In Halifax, an employee of Scott Jobalia ("S J"), was injured when a pipe fell from a sling attached to a crane that had been borrowed from Halifax.Summary of this case from Clements v. Wildlife Conservation S
July 26, 1990.
Appeal from the Circuit Court, Volusia County, S. James Foxman, J.
J. Lester Kaney of Cobb, Cole Bell, Daytona Beach, for petitioner.
Richard Prospect of Haas, Boehm, Brown, Rigdon, Seacrest Fischer, P.A., Daytona Beach, for respondent.
We have for review Scott Jobalia Construction Co., Inc. v. Halifax Paving, Inc., 538 So.2d 76 (Fla. 5th DCA 1989), based on express and direct conflict with Mann v. Pensacola Concrete Construction Co., Inc., 448 So.2d 1132 (Fla. 1st DCA), review denied, 461 So.2d 115 (Fla. 1984). We have jurisdiction. Art. V, § 3(b)(3), Fla. Const.
While working on a construction site in Volusia County, Scott Jobalia Construction Co. ("S J") borrowed a crane and its operator from Halifax Paving, Inc. There was no oral or written lease and no rent or other compensation was paid. The crane was loaned purely as a matter of courtesy. Although the crane operator was solely an employee of Halifax, his activities nevertheless were controlled by S J workers through the use of hand signals. During work, a pipe fell from the sling attached to the crane and injured one of S J's workers, named Grier.
Grier recovered worker's compensation from S J, and then filed suit against Halifax as owner of the crane. Halifax, through its insurance carrier, United States Fidelity Guaranty, settled Grier's claim for $67,500. Halifax then sued S J for common law indemnity, contending that any active negligence was attributable to S J. The jury concluded that the crane operator was a "borrowed servant" and returned a verdict for Halifax. Scott Jobalia, 538 So.2d at 79.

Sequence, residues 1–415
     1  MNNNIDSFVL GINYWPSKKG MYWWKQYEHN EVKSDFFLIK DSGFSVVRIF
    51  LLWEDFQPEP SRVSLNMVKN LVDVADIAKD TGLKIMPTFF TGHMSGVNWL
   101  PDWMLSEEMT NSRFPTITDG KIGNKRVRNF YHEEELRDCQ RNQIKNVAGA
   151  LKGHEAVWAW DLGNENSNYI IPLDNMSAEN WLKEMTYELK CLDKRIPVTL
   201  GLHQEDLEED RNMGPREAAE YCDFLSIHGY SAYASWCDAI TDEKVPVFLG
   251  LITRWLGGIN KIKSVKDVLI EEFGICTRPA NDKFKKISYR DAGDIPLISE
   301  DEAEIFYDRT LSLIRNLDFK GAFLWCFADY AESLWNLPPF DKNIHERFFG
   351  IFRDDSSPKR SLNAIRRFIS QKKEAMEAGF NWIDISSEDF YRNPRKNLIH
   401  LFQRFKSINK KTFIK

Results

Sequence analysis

On appeal, the Fifth District reversed. It concluded that the owner of a dangerous instrumentality loaned for use on a job site fell within the scope of the worker's compensation immunity enjoyed by the employer. As a result, the exclusive remedy available to Grier was worker's compensation and no tort action or resulting claim for indemnity was proper. Id. at 82. This review ensued.
Florida law long has recognized the "borrowed servant" rule. See Postal Telegraph Cable Co. v. Doyle, 123 Fla. 695, 167 So. 358 (1936). Under this rule, one who borrows and exercises control over the servant or worker of another in effect assumes all liability for the activities of the borrowed servant or worker. Id. We believe the record contains substantial competent evidence to show that the crane operator became a "borrowed servant" within the definition of that term provided in Shelby Mutual Insurance Co. v. Aetna Insurance Co., 246 So.2d 98, 101 (Fla. 1971).
Similarly, this Court established in Smith v. Ryder Truck Rentals, Inc., 182 So.2d 422 (Fla. 1966), that a worker injured by a leased dangerous instrumentality operated by a fellow worker is limited to no more recovery than that permitted by the worker's compensation statutes. The central rationale of Smith is that leased equipment used on a job site in effect has become the working tool of the employer. Id. at 424. Thus, the exclusivity principle of worker's compensation comes to bear. See § 440.11, Fla. Stat. (1987).
However, Smith did not address, and we do not address here, the question of whether the owner of leased equipment may be liable to persons other than workers or servants of the one who has leased or borrowed the equipment.